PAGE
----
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The United States joined the United Kingdom and Australia today in sanctioning 31-year-old Russian national Dmitry Yuryevich Khoroshev as the alleged leader of the infamous ransomware group LockBit. The U.S. Department of Justice also indicted Khoroshev and charged him with using Lockbit to attack more than 2,000 victims and extort at least $100 million in ransomware payments.

Image: U.K. National Crime Agency.

Khoroshev (Дмитрий Юрьевич Хорошев), a resident of Voronezh, Russia, was charged in a 26-count indictment by a grand jury in New Jersey.

“Dmitry Khoroshev conceived, developed, and administered Lockbit, the most prolific ransomware variant and group in the world, enabling himself and his affiliates to wreak havoc and cause billions of dollars in damage to thousands of victims around the globe,” U.S. Attorney Philip R. Sellinger said in a statement released by the Justice Department.

The indictment alleges Khoroshev acted as the LockBit ransomware group’s developer and administrator from its inception in September 2019 through May 2024, and that he typically received a 20 percent share of each ransom payment extorted from LockBit victims.

The government says LockBit victims included individuals, small businesses, multinational corporations, hospitals, schools, nonprofit organizations, critical infrastructure, and government and law-enforcement agencies.

“Khoroshev and his co-conspirators extracted at least $500 million in ransom payments from their victims and caused billions of dollars in broader losses, such as lost revenue, incident response, and recovery,” the DOJ said. “The LockBit ransomware group attacked more than 2,500 victims in at least 120 countries, including 1,800 victims in the United States.”

The unmasking of LockBitSupp comes nearly three months after U.S. and U.K. authorities seized the darknet websites run by LockBit, retrofitting it with press releases about the law enforcement action and free tools to help LockBit victims decrypt infected systems.

The feds used the existing design on LockBit’s victim shaming website to feature press releases and free decryption tools.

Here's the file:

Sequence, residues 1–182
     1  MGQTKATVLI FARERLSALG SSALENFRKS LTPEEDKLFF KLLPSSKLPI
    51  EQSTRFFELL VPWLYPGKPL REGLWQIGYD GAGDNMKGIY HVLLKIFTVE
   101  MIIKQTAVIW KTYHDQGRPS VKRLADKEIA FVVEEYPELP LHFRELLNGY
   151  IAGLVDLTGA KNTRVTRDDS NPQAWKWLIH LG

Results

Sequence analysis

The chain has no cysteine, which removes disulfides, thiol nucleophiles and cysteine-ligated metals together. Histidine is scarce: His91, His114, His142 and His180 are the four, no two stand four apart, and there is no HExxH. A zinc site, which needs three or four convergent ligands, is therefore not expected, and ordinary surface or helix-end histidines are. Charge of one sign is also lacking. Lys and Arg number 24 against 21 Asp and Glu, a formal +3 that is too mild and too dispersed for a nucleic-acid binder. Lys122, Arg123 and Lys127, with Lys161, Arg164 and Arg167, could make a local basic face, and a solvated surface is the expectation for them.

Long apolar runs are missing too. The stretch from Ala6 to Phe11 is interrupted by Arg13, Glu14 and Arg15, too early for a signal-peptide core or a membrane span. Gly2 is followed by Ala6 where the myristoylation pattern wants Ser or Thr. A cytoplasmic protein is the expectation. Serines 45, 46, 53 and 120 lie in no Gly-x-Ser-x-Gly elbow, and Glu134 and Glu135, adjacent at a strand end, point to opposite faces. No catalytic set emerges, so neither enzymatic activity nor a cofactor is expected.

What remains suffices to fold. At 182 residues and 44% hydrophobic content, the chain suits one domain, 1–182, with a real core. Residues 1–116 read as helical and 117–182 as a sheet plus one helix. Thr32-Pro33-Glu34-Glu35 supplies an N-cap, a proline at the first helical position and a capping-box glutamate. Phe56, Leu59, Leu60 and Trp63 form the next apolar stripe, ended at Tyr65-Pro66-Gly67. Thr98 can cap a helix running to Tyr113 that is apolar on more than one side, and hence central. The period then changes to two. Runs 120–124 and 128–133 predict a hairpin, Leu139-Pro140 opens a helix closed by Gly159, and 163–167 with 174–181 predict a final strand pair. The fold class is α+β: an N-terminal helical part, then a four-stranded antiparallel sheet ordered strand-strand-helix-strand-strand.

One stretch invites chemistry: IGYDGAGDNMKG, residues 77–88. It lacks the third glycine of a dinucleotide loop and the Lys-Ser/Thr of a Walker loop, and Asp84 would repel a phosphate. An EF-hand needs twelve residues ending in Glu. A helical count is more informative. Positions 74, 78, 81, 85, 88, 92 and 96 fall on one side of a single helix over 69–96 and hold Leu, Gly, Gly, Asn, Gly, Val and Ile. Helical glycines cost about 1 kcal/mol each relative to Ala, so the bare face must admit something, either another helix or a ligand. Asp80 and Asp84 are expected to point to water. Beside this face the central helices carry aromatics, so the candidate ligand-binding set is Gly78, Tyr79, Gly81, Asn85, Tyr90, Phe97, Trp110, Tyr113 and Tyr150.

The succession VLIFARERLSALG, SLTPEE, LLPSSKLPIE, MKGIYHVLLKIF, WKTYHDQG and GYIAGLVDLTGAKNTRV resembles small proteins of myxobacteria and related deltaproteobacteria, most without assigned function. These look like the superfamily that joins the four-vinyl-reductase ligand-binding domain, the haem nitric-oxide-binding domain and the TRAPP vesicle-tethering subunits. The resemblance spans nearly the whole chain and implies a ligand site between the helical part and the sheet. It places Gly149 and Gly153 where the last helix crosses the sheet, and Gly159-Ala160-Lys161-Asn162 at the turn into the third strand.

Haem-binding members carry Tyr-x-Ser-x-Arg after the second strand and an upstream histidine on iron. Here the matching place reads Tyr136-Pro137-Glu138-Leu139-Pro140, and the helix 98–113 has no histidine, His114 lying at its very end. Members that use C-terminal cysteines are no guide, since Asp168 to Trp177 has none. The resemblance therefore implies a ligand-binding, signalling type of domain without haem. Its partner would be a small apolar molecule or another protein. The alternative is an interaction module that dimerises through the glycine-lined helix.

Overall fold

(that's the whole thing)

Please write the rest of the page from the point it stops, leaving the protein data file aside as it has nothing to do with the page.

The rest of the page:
One of the blog captions that authorities left on the seized site was a teaser page that read, “Who is LockbitSupp?,” which promised to reveal the true identity of the ransomware group leader. That item featured a countdown clock until the big reveal, but when the site’s timer expired no such details were offered.

Following the FBI’s raid, LockBitSupp took to Russian cybercrime forums to assure his partners and affiliates that the ransomware operation was still fully operational. LockBitSupp also raised another set of darknet websites that soon promised to release data stolen from a number of LockBit victims ransomed prior to the FBI raid.

One of the victims LockBitSupp continued extorting was Fulton County, Ga. Following the FBI raid, LockbitSupp vowed to release sensitive documents stolen from the county court system unless paid a ransom demand before LockBit’s countdown timer expired. But when Fulton County officials refused to pay and the timer expired, no stolen records were ever published. Experts said it was likely the FBI had in fact seized all of LockBit’s stolen data.

LockBitSupp also bragged that their real identity would never be revealed, and at one point offered to pay $10 million to anyone who could discover their real name.

KrebsOnSecurity has been in intermittent contact with LockBitSupp for several months over the course of reporting on different LockBit victims. Reached at the same ToX instant messenger identity that the ransomware group leader has promoted on Russian cybercrime forums, LockBitSupp claimed the authorities named the wrong guy.

“It’s not me,” LockBitSupp replied in Russian. “I don’t understand how the FBI was able to connect me with this poor guy. Where is the logical chain that it is me? Don’t you feel sorry for a random innocent person?”

LockBitSupp, who now has a $10 million bounty for his arrest from the U.S. Department of State, has been known to be flexible with the truth. The Lockbit group routinely practiced “double extortion” against its victims — requiring one ransom payment for a key to unlock hijacked systems, and a separate payment in exchange for a promise to delete data stolen from its victims.

But Justice Department officials say LockBit never deleted its victim data, regardless of whether those organizations paid a ransom to keep the information from being published on LockBit’s victim shaming website. Continue reading



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